Of Man and Monkey
||Rhesus macaques lounge at the NIH Animal Center in Poolesville.
Because the rhesus macaque serves as a strong model for studying human infectious diseases, especially HIV, the sequencing of the rhesus genome-recently announced by a consortium of researchers supported
in part by NHGRI-is a powerful
tool. By aligning this genome sequence with those of both humans and chimpanzees, the research, published in the Apr. 13 issue of Science, shows these three primate species share 93 percent of their DNA, but also have some significant differences that could advance our knowledge of human biology. In addition to assisting with infectious disease research, the rhesus genome will be helpful in neuroscience, behavioral biology, reproductive
physiology, endocrinology and cardiovascular
studies. It's the first of the Old World monkeys to have its DNA deciphered.
Breast Cancer Rate Related to Hormone Therapy Drop
A recent reduction in the rate of new breast cancer cases may be related to a national decline in the use of hormone replacement therapy (HRT), according to a report published
in the Apr. 19 issue of the New England
Journal of Medicine
that used data from NCI's Surveillance, Epidemiology and End Results program. The research showed that age-adjusted breast cancer incidence rates in women in the United States fell 6.7 percent in 2003, a time when prescriptions for HRT also declined rapidly. The reduction in HRT use followed reports on a Women's Health Initiative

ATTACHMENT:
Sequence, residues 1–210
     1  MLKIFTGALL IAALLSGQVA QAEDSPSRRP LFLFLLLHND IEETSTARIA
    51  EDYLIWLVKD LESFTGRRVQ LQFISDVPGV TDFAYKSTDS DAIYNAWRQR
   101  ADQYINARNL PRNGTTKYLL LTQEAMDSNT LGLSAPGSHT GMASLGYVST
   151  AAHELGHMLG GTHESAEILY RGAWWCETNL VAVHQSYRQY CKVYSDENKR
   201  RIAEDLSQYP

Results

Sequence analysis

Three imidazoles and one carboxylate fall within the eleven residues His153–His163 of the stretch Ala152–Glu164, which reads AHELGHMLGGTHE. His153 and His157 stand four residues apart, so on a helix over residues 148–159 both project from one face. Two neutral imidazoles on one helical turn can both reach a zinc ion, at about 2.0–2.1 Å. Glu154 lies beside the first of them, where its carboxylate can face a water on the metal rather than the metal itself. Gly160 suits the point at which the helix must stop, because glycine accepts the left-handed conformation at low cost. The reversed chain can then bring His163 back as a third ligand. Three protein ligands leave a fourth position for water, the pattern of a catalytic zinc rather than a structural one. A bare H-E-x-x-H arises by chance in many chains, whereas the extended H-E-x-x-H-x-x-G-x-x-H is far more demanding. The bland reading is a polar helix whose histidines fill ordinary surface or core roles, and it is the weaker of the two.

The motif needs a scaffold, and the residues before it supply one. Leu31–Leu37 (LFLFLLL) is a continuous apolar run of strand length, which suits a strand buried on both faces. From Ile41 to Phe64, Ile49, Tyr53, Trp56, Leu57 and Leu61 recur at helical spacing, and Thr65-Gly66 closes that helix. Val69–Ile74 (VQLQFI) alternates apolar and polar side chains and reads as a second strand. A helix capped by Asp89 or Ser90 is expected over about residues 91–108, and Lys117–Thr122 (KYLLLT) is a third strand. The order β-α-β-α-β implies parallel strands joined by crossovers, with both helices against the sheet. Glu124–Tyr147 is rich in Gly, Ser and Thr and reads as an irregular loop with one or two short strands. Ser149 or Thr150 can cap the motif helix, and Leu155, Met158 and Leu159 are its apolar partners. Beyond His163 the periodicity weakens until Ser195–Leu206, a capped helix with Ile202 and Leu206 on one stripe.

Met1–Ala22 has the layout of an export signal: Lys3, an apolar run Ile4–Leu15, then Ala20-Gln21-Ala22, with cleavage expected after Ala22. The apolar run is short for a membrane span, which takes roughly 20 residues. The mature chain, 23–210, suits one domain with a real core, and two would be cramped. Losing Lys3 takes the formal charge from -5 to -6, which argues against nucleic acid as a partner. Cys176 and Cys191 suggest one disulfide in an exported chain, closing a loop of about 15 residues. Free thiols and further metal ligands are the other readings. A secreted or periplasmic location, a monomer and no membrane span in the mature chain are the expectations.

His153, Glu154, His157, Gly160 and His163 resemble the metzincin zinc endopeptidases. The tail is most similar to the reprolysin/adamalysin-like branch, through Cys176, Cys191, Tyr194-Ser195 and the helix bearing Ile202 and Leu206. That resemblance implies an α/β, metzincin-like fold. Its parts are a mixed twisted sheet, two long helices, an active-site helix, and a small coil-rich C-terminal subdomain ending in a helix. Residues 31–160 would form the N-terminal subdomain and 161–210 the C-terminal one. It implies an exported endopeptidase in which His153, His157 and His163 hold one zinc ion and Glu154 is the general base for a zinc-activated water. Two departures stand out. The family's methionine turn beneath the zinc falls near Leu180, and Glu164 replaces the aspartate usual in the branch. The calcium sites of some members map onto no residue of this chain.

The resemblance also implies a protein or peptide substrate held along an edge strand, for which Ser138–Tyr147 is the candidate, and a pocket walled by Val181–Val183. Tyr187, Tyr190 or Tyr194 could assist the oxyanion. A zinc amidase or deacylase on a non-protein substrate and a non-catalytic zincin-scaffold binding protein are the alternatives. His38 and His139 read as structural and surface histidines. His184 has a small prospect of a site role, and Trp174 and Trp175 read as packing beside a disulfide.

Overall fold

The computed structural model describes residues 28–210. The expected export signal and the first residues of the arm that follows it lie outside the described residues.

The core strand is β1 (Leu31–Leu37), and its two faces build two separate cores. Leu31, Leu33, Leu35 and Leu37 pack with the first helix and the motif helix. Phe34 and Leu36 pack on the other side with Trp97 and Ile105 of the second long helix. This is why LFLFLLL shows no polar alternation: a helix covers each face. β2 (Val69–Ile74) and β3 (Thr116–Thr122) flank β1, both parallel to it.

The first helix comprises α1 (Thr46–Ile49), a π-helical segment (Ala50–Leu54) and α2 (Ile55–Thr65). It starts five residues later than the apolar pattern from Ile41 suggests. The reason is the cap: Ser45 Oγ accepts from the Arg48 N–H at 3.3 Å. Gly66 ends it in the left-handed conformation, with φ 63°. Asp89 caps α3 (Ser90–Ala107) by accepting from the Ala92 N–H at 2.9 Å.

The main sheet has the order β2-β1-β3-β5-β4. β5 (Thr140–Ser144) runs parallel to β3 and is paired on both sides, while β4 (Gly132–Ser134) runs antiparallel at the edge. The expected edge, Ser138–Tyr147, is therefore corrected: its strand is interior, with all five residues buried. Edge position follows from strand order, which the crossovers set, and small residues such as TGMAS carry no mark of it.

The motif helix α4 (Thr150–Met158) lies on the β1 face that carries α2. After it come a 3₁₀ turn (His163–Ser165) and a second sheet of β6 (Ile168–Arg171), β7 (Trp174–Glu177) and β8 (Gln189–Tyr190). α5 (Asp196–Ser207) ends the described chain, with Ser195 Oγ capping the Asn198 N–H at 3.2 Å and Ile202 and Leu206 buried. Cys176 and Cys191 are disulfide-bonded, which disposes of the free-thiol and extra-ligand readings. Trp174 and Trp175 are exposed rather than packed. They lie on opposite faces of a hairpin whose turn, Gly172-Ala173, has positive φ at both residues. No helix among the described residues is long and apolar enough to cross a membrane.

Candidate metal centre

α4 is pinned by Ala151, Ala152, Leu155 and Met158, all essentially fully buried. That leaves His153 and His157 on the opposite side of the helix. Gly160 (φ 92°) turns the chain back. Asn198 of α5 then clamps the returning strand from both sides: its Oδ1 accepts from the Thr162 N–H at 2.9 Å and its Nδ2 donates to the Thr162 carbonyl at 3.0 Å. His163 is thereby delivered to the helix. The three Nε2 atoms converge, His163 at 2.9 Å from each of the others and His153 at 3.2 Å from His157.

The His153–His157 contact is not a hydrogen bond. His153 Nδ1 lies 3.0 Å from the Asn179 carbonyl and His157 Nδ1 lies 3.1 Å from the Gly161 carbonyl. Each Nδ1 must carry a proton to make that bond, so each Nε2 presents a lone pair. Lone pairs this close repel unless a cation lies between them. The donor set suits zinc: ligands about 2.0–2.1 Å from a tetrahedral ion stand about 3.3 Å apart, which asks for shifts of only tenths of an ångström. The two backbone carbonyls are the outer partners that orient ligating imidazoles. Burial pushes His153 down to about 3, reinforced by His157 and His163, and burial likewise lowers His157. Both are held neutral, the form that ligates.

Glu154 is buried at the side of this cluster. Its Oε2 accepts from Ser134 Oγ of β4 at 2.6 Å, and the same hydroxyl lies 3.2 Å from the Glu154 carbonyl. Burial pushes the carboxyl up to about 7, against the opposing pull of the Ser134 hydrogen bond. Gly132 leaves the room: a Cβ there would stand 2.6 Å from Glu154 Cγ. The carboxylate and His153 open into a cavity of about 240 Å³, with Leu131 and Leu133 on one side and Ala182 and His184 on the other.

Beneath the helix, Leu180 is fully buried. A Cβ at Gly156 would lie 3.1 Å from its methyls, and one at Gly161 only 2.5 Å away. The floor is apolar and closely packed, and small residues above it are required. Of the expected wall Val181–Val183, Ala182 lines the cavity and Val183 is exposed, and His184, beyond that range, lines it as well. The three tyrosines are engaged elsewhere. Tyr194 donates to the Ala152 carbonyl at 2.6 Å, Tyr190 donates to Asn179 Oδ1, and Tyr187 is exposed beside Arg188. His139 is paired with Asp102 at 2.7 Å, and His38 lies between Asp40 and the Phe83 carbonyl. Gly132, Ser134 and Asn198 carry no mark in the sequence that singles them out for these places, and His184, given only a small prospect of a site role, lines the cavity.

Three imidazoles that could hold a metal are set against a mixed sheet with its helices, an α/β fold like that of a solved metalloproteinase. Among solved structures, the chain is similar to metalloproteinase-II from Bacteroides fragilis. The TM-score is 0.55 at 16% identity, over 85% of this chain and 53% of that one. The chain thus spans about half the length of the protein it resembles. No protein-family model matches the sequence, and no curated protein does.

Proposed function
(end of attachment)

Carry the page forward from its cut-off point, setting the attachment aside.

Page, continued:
study showing increased risk of breast cancer, heart disease, stroke, blood clots and urinary incontinence among postmenopausal women using HRT that included both estrogen
How can one person with an allergic reaction
simply sneeze while another develops a severe, life-threatening response known as anaphylaxis? A recent NIAMS study published
in the journal Immunity sheds some light on immune system differences. Researchers,
including scientists from NIDDK, found that mice with high levels of a molecule called sphingosine-1-phosphate (S1P) in their blood were very susceptible to anaphylaxis. Since humans also have S1P, varying in levels from person to person, researchers can now study it in people who have a history of anaphylactic shock. If levels of the molecule can predict who is at risk for anaphylaxis, S1P could eventually serve as a diagnostic tool.
Looking Earlier for Heart Disease Risk
People with elevated risk factors for heart disease
between the ages of 18 and 30 can have two to three times greater risk of developing coronary calcium, a strong predictor of heart disease. These findings, in a study by NHLBI recently published in the Journal of the American
College of Cardiology, show that risk factors like smoking, having an elevated body mass index or having above-optimal levels of blood pressure in early adulthood are linked to the development of calcium deposits in heart arteries
15 years later. Amounts of coronary calcium have already proven to be related to the likelihood
of developing heart disease in the future. The study clearly points to the need for early assessment of heart disease risk: if young adults modify these risk factors they can improve their chances of a heart-healthy middle age.
Tai Chi Intervention
As for older adults, a study supported by NIA and NCCAM shows that practicing Tai Chi, a traditional Chinese form of exercise, can boost immunity to the virus that causes shingles. Published in the Journal of the American Geriatrics
Society in April, the study is the first rigorous
clinical trial to suggest that a behavioral intervention can help protect older adults from varicella-zoster virus; it also shows that the exercise can improve the immune response to varicella vaccine. Not bad for an ancient practice that, according to this study, can also improve physical functioning, reduce bodily pain, boost vitality and lead to significant declines in the severity of depression symptoms.—